Scotland again saw a rise in Covid cases last week, according to the Office for National Statistics (ONS).
It estimates about 288,200 people - one in 18 - had the virus in the week ending 24 June and is the highest figure since early April.
That was up on the previous week when about 250,700 (one in 20) had Covid.
The latest ONS Infection Survey data compares with one in 30 for England and Wales and one in 25 for Northern Ireland.
It said the increase in the number of people testing positive was likely being driven by the Omicron BA.4 and BA.5 variants.
They are not thought to be more lethal than any other form of Covid but they do appear to be spreading more quickly.
Responding to the figures, Scotland's national clinical director Prof Jason Leitch told BBC Radio Scotland's Drivetime programme: "Let's be concerned but let's see what we can do as individuals to help."
He added that the numbers were "worrying", especially for groups such as the elderly or immunosuppressed, but added: "There's no suggestion we should go backwards."
Asked about the risks posed by mass events, such as next weekend's TRNSMT music festival in Glasgow, Prof Leitch urged those planning to attend to ensure they were vaccinated and not to go if they are sick.
The ONS survey said Covid infections in the UK had jumped by more than half a million in a week and hospital numbers were continuing to increase.
There are also early signs of a rise in intensive care admissions among older age groups.
A total of 2.3 million people in private households are estimated to have had the virus last week, up 32% from a week earlier.
This is the highest estimate for total infections since late April, but is still some way below the record high of 4.9m seen at the peak of the Omicron BA.2 wave at the end of March.
Sarah Crofts, ONS head of analytical outputs for the Covid-19 infection survey, said: "Across the UK we've seen a continued increase of over half a million infections, likely caused by the growth of BA.4 and BA.5 variants.
"This rise is seen across all ages, countries and regions of England.
"We will continue to monitor the data closely to see if this growth continues in the coming weeks."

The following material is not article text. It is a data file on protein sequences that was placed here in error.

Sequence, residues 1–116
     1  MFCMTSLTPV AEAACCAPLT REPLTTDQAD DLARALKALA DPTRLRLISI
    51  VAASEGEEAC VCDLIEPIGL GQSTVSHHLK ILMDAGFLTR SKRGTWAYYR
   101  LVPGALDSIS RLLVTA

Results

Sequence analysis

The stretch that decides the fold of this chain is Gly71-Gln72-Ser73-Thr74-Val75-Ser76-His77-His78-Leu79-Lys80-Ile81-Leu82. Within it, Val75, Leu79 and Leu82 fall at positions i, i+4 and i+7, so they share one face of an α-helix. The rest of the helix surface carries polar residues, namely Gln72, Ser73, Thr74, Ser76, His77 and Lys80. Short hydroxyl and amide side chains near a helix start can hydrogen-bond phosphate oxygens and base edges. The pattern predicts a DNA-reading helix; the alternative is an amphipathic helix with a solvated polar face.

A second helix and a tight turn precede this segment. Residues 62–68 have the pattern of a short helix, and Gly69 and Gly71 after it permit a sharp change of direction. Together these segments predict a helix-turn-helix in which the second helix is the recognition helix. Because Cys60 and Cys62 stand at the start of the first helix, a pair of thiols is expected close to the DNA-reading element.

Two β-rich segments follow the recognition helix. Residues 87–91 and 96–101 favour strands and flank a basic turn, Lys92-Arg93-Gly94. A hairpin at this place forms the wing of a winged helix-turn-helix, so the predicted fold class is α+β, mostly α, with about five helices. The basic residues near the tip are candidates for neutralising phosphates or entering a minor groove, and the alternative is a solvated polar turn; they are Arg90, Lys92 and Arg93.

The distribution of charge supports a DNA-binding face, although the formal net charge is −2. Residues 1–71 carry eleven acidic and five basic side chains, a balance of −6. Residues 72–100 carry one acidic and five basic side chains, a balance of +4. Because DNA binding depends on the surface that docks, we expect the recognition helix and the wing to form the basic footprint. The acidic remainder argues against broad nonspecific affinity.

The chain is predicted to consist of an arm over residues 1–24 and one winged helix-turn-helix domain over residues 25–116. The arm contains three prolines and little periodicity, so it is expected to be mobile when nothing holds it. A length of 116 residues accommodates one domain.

On Wednesday, the latest Public Health Scotland weekly Covid-19 statistical report said there were 14,500 reported virus cases last week.
That was down slightly on the previous seven days when 15,541 virus cases were reported.
But the latest figures, for week ending 26 June, show the average number of patients in hospital with Covid rose by 32% to 1,148.
The ONS sampling is considered a better indicator than the PHS data as so few people are now reporting test results.
Prof Hugh Pennington, of the University of Aberdeen, said Omicron was "good at getting about" but not as effective as causing serious harm to people.
He told BBC Radio Scotland's Lunchtime Live he was not surprised by the current surge in cases as less was being done to control the spread of the virus.
But he said it was not clear why case rates were higher in Scotland.
'No simple explanation'
Prof Pennington said: "There's a fair amount of chance involved; it depends on super-spreader events, where the virus was a few months ago and all these kind of things.
"There's no simple explanation. You could say it's bad luck we've got higher figures than the rest of the UK.
"A lot of people don't have any symptoms but are still infectious."
The microbiologist said people were less likely to pass on the virus if they wore masks in crowded places.
He added: "I think there should be a bit more public encouragement to wear them.
"Not necessarily to go back to the compulsory rules we had but really have quite a good publicity campaign explaining why mask wearing is a good thing."
Prof Pennington also hailed the vaccines as a "great success story" and added that they reduced the risk of hospitalisation.
Dr Christine Tait-Burkard, an infection expert at the University of Edinburgh, described the latest figures as "more comforting than alarming".
She believes the vast majority of cases in Scotland are people who have been infected for the first time.
Dr Tait-Burkard also told the Drivetime programme that Scotland appeared to be "just past the peak" or "hovering around a plateau".
She added: "At the moment these numbers still look relatively positive.
"In terms of the wider community, Covid has lost a lot of its ferocity and it is not as severe as it used to be in any way."
The expert said the country was now moving to a different stage of dealing with the virus, which involved protecting the most vulnerable.
Holyrood's Covid-19 Recovery Committee was told on Thursday that the recent spike in virus cases had left public health officials "concerned, but not panicking".
Prof Leitch told MSPs that the spike was not unexpected.
He said the public should consider making use of previous preventative measures.
Prof Leitch added: "Our advice remains pretty much the same, but you can tell our tone has changed in the last few weeks.
"It's about staying off if you're sick, whether that's college or work or school, certainly reintroducing or thinking about face coverings, handwashing, surfaces - all of those anti-viral things - and, of course, the key intervention remains vaccination."